Electronic Discovery Law
Employee's Communications Protected by Attorney-Client Privilege Despite Use of Work Computer
Stengart v. Loving Care Agency, Inc., 973 A.2d 390 (N.J. Sup. Ct. 2009)
Reversing the trial court, the appellate court found that an employee’s communications with her attorney via her personal email account were privileged despite the use of her work computer to send those communications. The trial court previously ruled that the communications were not privileged as a result of the employee’s use of her work computer, in light of her employer’s policy that, according to the trial court, “put plaintiff on sufficient notice that her emails would be viewed as company property.” In reversing the trial court, the appellate court found that “the policies undergirding the attorney-client privilege substantially outweigh the employer’s interest in enforcement of its unilaterally imposed regulation.”
Prior to her resignation, plaintiff communicated with her attorneys regarding a suit against her employer using her personal email account accessed through her work computer. After plaintiff filed suit, her former employer made a forensic copy of her hard drive. Thereafter, the employer’s counsel accessed and read those emails and then included portions in the discovery responses. Plaintiff objected, arguing the emails were protected by attorney-client privilege. The trial judge rejected plaintiff’s argument reasoning that the employer’s electronic communications policy put plaintiff on notice that her emails would be viewed a company property. Plaintiff appealed.
Reversing the trial court, the appellate court identified several factual disputes which cast doubt on the propriety of the trial court’s ruling, including;
- disagreement as to whether the policy was ever formalized, adopted and disseminated,
- a question as to whether the policy applied to executives, and
- a question as to the scope of the regulation, i.e., did it include private email accessed through a personal account.
According to the appellate court, the trial court’s failure to hold an evidentiary hearing to settle these questions would ordinarily “be cause alone to reverse.” However, the appellate court noted that there were additional reasons for reversal and proceeded with an analysis of the enforceability of the policy in the circumstances before it. Such analysis, according to the appellate court, “require[d] a balancing of the company’s right to create and obtain enforcement of reasonable rules for conduct in the workplace against the public policies underlying the attorney-client privilege.”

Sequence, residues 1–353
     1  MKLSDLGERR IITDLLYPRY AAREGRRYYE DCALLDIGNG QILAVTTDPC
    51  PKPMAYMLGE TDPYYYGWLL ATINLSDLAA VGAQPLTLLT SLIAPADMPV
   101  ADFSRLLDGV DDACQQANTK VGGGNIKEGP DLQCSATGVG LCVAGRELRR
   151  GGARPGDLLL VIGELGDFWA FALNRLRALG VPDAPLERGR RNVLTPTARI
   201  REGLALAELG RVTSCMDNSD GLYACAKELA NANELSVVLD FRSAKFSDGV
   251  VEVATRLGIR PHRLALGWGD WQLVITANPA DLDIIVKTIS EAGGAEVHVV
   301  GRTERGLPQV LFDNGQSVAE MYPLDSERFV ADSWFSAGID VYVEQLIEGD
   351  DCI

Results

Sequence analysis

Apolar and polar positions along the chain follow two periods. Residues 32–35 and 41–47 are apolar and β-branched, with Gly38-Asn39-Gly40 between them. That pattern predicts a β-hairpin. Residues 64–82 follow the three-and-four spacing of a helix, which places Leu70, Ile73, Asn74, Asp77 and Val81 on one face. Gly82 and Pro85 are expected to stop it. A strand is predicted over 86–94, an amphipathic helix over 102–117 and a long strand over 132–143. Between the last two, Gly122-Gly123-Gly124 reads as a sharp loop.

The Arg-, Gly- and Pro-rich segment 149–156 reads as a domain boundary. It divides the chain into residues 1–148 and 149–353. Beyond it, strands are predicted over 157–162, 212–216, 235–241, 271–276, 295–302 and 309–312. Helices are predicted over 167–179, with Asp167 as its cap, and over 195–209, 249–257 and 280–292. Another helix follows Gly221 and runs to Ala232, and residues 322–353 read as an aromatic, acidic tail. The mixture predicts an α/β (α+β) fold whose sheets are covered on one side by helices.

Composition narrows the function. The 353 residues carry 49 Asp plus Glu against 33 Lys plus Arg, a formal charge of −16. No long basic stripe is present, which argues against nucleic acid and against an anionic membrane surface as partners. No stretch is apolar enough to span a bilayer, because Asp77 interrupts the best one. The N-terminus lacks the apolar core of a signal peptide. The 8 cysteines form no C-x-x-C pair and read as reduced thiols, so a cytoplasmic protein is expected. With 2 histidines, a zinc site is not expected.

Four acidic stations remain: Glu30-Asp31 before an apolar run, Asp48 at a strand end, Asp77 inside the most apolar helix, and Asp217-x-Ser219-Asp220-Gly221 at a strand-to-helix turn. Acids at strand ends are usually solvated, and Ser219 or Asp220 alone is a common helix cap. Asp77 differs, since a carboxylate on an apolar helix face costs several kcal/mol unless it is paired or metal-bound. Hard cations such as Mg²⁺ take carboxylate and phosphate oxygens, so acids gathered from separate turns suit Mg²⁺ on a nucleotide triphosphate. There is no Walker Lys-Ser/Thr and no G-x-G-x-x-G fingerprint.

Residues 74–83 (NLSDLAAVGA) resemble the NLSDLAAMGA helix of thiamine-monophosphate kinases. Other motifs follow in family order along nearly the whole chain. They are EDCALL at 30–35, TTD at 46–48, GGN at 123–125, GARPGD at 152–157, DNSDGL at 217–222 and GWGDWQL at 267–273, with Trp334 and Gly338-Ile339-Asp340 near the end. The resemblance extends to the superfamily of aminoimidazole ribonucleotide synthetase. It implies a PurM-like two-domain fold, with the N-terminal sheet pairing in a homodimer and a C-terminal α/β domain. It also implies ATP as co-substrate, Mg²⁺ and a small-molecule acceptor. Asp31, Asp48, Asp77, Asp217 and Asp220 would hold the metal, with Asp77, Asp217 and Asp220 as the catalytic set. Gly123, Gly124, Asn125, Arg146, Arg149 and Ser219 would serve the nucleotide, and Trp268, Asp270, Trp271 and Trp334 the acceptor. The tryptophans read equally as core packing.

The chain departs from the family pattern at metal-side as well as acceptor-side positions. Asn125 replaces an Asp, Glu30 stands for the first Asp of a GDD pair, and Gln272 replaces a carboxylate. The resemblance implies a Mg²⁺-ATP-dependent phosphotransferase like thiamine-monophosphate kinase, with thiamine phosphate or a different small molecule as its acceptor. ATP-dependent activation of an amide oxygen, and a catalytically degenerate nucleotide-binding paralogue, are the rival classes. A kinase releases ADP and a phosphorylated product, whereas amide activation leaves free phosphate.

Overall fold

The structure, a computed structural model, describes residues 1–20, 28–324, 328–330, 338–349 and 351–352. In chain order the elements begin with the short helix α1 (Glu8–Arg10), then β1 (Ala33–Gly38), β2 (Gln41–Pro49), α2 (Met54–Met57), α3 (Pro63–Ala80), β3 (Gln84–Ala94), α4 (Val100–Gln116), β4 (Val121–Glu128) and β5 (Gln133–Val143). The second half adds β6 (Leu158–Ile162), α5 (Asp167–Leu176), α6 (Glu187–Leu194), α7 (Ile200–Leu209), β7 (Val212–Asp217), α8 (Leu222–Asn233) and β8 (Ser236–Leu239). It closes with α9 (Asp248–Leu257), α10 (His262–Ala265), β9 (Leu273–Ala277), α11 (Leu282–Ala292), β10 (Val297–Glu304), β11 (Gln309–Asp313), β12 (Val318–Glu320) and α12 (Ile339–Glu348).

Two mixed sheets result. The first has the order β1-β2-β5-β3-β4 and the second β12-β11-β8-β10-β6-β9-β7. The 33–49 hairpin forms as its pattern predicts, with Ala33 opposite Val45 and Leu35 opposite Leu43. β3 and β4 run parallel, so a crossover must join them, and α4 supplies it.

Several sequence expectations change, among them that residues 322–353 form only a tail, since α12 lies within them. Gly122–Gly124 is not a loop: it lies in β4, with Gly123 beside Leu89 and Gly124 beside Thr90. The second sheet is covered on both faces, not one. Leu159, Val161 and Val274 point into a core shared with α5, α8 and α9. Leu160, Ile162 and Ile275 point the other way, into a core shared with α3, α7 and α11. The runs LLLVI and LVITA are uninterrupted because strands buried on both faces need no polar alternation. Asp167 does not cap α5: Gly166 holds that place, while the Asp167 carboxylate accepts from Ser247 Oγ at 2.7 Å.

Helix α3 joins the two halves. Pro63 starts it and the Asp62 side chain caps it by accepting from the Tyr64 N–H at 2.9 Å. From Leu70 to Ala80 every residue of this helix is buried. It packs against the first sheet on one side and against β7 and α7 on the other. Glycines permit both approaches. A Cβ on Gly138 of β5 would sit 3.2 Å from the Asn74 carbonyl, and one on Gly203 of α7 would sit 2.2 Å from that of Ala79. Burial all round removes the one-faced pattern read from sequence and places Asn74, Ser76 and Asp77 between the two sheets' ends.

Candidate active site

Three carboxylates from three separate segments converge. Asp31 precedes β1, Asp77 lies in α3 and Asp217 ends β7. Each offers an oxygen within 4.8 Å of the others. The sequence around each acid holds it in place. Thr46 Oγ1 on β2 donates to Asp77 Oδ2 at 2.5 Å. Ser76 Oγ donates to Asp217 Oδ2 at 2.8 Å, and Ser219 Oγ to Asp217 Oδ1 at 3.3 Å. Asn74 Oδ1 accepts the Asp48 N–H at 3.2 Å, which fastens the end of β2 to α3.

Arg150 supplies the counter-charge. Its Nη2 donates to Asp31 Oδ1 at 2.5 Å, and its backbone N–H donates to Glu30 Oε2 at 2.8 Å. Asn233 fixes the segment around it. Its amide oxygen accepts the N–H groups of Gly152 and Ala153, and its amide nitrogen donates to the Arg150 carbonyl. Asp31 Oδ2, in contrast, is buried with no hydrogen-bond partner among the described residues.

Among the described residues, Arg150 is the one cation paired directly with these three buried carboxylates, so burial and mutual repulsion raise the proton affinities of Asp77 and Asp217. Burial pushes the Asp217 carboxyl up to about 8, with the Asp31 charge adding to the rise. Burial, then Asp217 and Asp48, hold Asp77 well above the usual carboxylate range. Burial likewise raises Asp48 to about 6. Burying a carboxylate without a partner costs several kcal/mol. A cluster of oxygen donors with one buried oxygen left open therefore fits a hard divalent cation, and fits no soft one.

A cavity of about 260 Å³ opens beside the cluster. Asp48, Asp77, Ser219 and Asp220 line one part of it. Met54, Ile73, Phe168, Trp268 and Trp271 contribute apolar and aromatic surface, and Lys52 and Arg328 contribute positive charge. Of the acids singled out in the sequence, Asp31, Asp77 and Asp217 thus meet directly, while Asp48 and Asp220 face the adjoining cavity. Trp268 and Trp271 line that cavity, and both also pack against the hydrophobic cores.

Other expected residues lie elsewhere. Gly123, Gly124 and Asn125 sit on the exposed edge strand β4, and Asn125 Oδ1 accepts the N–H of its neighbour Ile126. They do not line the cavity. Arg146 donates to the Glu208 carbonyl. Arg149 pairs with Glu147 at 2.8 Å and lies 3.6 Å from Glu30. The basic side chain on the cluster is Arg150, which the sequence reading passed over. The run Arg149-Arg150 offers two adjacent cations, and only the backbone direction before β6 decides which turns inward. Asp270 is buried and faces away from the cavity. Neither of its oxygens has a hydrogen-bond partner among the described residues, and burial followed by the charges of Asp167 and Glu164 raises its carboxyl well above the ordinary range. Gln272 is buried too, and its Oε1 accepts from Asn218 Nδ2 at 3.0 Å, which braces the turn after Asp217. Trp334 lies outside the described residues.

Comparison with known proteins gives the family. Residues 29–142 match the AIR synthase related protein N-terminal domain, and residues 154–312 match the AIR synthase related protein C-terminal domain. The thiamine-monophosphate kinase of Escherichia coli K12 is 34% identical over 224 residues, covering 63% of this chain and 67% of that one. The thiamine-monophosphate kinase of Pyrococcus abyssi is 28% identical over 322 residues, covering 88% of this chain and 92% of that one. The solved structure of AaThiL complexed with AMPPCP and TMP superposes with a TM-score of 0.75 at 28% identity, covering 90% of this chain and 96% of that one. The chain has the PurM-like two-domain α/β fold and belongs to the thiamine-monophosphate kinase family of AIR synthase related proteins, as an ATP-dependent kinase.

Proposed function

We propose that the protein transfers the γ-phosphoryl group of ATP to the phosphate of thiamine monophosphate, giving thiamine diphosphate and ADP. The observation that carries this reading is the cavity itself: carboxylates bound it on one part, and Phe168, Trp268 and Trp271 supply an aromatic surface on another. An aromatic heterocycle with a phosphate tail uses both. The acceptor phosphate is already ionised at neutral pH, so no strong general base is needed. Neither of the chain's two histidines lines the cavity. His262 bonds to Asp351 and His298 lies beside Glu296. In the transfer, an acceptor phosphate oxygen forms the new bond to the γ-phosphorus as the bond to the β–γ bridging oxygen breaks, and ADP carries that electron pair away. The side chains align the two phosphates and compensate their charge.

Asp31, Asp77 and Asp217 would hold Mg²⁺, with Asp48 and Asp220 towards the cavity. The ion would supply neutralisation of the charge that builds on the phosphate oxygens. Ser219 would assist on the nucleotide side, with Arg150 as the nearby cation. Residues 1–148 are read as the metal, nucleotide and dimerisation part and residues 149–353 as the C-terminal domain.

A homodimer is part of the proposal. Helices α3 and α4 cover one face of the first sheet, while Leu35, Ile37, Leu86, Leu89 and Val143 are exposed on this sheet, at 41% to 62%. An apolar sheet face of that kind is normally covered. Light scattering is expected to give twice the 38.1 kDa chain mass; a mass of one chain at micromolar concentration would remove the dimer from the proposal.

Rejecting the employer’s argument that its ownership of the computer was the “sole determinative factor in determining whether an employee’s personal emails may become the company’s property,” the court “agreed with the tenor” of another recent opinion and stated:
Property rights are no less offended when an employer examines documents stored on a computer as when an employer rifles through a folder containing an employee's private papers or reaches in and examines the contents of an employee's pockets indeed, even when a legitimate business purpose could support such a search, we can envision no valid precept of property law that would convert the employer's interest in determining what is in those locations with a right to own the contents of the employee's folder of private papers or the contents of his pocket. As a result, we conclude a breach of a company policy with regard to the use of its computers does not justify the company's claim of ownership to personal communications and information accessible therefrom or contained therein.
Again comparing the company’s policy to other intrusions into an employee’s privacy, the court later stated:
Although plaintiff's emails to her attorney related to her anticipated lawsuit with the company, the company had no greater interest in those communications than it would if it had engaged in the highly impermissible conduct of electronically eavesdropping on a conversation between plaintiff and her attorney while she was on a lunch break.
The court went on to find that the policy in question furthered “no legitimate business interest.” The appellate court was careful, however, to note that it made “no attempt to define the extent to which an employer may reach into an employee’s private life…” but pointed out that the willingness of courts to enforce unilaterally imposed regulations was not limitless.
Following its discussion of the venerability of the attorney-client privilege, the court found that “in weighing the attorney-client privilege…against the company’s claimed interest in ownership or access to those communications based on its electronic communications policy, we conclude that the latter must give way.”
The judgment of the trial court was reversed and remanded.
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